Dynamic Steering:
Use a language that’s helpful in shifting your team from a ‘predict-and-control’ mindset to one that is more responsive and adaptable, with less analysis-paralysis. It is akin to naturally riding a bicycle allowing for some ‘weave and shift’ due course rather than riding it in a rigid manner and going nowhere. When we become attached to specific predicted outcome, there’s a risk we will get stuck fighting reality when it doesn’t conform to our prediction. If we find that we are not on the path we set out for ourselves, we may conclude, sometimes subconsciously, that something must be wrong. That judgement of reality inhibits our ability to respond, and encourages us to push against the unwelcome truth – to try to force reality to conform to our predicted vision. That’s not a very effective strategy for navigating the ever-changing complexity of business today. When reality conflicts with our best-laid plans, reality usually wins.

Rewrite Your Role Descriptions

Role is not a person, and one person can – and probably does – fill several roles. Differentiating these roles and the accountabilities they carry can go a long way toward making expectations explicit and avoiding treading on other people’s toes. Roles in Holacracy are dynamic, living things that change over time. Unlike traditional job descriptions, which are often vague, theoretical and soon outdated, Holacracy role definitions are based on the reality of what activities are experienced as useful in the organization, and they stay in sync with evolving reality. Holacracy’s governance process allows for continual clarification and refinement pf roles on the basis of actual tensions.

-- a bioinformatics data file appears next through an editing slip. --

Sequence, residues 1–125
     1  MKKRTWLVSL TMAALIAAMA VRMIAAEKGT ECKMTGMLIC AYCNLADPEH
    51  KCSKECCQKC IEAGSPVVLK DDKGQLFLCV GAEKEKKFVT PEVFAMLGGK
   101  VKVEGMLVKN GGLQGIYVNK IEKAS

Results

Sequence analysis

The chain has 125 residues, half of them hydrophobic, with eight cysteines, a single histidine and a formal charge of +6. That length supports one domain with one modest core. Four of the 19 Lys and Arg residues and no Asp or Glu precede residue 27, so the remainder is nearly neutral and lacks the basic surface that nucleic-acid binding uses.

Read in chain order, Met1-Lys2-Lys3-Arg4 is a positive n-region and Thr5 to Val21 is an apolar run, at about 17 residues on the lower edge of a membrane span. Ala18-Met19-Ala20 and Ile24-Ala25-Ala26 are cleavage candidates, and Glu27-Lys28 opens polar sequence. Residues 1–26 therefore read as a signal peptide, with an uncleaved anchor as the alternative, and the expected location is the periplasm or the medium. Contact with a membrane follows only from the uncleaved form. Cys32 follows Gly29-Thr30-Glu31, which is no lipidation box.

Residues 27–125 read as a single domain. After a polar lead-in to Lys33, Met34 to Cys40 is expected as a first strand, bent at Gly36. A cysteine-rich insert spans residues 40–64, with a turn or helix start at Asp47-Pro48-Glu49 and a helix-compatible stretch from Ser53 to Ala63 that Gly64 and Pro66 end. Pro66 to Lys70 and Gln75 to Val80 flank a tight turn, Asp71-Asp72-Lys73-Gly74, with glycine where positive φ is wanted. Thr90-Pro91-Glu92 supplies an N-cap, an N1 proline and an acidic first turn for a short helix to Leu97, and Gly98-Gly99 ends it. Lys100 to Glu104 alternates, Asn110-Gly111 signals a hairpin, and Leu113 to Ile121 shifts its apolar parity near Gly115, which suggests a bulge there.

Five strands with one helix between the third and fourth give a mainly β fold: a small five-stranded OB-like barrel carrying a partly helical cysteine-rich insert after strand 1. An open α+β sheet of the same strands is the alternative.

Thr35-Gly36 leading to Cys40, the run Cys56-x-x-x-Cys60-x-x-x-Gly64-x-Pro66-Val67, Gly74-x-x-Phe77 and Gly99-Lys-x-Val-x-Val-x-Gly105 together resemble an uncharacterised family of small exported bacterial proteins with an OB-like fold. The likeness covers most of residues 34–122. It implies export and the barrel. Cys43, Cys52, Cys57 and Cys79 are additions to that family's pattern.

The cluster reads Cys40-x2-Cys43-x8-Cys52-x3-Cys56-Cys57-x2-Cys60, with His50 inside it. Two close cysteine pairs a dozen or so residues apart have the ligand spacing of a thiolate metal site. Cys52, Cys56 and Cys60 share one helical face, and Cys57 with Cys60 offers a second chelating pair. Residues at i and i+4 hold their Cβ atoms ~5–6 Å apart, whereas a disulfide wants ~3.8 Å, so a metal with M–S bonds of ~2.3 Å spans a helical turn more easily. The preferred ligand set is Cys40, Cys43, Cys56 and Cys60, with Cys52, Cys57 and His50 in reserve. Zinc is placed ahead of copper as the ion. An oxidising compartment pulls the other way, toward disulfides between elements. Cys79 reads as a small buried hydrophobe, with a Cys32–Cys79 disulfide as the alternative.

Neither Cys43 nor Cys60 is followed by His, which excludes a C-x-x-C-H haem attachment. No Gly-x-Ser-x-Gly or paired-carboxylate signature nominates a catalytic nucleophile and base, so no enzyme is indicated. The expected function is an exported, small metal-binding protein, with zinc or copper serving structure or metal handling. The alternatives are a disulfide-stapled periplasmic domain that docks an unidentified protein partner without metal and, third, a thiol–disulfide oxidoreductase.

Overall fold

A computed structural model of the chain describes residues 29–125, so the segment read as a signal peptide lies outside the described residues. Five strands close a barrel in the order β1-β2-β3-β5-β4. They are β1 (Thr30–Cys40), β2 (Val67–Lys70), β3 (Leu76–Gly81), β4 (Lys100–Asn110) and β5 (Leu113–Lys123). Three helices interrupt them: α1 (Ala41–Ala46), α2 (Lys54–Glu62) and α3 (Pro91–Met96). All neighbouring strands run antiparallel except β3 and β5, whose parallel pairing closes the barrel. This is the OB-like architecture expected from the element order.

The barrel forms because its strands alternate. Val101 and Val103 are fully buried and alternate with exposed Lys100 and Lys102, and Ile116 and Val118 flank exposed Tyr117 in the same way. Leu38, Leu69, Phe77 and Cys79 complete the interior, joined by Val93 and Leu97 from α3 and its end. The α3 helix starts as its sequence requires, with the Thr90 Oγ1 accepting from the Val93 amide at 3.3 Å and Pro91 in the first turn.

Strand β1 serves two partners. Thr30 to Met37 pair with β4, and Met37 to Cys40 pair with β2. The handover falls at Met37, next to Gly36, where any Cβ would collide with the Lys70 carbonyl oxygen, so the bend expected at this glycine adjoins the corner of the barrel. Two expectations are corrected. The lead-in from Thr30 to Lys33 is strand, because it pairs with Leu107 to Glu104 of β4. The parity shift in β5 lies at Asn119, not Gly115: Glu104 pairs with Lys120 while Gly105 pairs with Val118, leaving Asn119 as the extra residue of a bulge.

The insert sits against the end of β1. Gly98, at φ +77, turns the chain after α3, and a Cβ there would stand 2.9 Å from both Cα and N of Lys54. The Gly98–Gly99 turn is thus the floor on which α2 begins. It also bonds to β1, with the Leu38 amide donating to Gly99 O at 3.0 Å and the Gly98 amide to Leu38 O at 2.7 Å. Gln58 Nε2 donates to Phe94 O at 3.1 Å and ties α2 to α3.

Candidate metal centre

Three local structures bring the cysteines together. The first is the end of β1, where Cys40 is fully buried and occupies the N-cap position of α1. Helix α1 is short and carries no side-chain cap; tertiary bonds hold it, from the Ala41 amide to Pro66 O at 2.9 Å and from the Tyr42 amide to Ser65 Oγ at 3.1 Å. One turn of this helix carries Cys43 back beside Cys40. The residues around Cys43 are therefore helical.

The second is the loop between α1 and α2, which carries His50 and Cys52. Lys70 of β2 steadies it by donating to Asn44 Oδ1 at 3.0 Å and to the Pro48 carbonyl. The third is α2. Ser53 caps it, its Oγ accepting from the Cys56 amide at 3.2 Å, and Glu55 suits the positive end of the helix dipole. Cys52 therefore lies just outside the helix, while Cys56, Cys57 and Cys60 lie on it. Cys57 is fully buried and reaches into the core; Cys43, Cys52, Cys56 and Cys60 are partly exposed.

SAMPLE ROLE DEFINTION

Every role can have a purpose, domains and accountabilities

Role:

    Marketing

Purpose:

     Lots of buzz about our company and its services

Domains:

  • The company’s mailing list and social media accounts
  • Content on the company’s public website

Accountabilities:

  • Building relationships with potential customers in target markets defined by the Marketing Strategy role
  • Promoting and highlighting the organization’s services to potential customers via the web and social media channels
  • Triaging speaking invitations and other PR opportunities sent to the organization, and routing good opportunities to the Spokesperson role

Work on your organization,not just in it

Just don;t work in a organization but start working on it. One opportunity to start with is clearly defining your role and that of your team members. Another approach is to encourage your colleagues to ask themselves, “What would I do if this were my business?”

Streamline your meetings

Check-in and Closing rounds: